Nothing wrong with that but always make sure that these three elements are correctly arranged to complement each other and naturally give depth to the composition.
And check the background. Much time can be saved in Photoshop by a quick check of the background and a quick change of composition.
When people say get it right in camera they are of course correct.
4 Rules of photography
There are many rules of photography.
My favourite is the rule of thirds. Once I have taken a photo using the rule of thirds I might take another photo breaking the same rule to see what I get. Not every shot but the ones where there are possibilities.
I need consistency of composition as well as image capture and processing, which I will talk about later.
I use the rule of thirds a lot as it works for architectural photography – it puts the elements into a logical and structured place within an image, which helps my clients as they get sets of images that are consistent and fit together.
For my personal work I will use the rules then break them as much as I can to see what I can come up with.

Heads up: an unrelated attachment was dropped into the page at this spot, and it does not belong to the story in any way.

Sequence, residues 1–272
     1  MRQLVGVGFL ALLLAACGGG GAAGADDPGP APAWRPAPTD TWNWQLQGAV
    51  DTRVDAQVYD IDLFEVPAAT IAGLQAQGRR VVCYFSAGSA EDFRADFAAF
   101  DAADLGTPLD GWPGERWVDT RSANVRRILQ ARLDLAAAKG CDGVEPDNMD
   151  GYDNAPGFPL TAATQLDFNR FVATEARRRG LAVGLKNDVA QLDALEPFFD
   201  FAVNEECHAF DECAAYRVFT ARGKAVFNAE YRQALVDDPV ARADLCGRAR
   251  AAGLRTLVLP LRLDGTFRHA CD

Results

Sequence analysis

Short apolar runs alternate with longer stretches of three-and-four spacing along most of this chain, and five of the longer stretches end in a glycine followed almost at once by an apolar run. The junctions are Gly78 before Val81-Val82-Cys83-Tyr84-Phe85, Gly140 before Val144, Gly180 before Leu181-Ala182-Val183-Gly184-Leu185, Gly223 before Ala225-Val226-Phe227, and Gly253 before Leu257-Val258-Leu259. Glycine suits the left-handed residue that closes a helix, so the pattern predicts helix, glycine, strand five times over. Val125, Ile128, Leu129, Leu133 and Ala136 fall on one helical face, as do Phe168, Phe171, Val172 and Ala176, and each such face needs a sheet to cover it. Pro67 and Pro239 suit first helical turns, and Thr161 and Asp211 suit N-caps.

5 - Check the edges
Very important. Don’t rely on Photoshop for this.
Are there any distractions around the edges of the composition?
If there are things that I will have to remove in Photoshop I will try to eliminate them by slightly changing my composition.
Bits of trees
Bright leaves on the front edges
You get the idea
6 – Light
What is the light doing?
What direction is the light coming from?
Where is the sun?
How does the light interact with the subject?
Do you need to add light, or indeed remove light from a scene?
Light is what we are recording, so look at it, study it and understand how it adds to the composition.
And let’s not forget the first thing a person sees in a photo is the brightest part – make sure that the brightest element is the one that you want to be the most prominent and seen first.
7 - Timing
This follows on nicely from the point above.
Work out when the best time is to take a photo of a particular scene. For a sunrise and sunset this will be a known time. But do not forget the time before and after these events.
If I am going to photograph a sunrise I will always try to be there at least an hour before actual sunrise. The light before sunrise can be spectacular.